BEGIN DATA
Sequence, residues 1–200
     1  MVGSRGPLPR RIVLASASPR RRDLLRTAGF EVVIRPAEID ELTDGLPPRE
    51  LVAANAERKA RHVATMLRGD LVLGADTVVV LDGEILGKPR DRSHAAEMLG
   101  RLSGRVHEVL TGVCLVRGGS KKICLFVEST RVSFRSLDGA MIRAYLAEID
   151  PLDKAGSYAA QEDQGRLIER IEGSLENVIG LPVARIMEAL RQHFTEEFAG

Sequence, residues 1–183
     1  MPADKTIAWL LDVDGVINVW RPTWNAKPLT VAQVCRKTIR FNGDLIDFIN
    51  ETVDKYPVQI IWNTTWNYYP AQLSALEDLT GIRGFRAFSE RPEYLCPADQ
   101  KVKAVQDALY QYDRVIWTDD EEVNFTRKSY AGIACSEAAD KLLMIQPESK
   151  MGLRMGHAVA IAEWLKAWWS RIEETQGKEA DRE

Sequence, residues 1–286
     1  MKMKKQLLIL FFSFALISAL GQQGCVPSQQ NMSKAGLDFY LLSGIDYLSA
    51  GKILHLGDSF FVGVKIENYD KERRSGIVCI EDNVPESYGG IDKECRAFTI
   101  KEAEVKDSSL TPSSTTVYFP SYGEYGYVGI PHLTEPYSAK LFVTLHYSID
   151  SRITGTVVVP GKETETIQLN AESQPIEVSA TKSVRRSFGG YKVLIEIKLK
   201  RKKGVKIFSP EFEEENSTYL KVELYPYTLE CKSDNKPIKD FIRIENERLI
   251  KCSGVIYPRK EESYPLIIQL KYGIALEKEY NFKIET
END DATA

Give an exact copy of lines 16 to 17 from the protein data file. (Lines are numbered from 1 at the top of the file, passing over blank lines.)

   201  RKKGVKIFSP EFEEENSTYL KVELYPYTLE CKSDNKPIKD FIRIENERLI
   251  KCSGVIYPRK EESYPLIIQL KYGIALEKEY NFKIET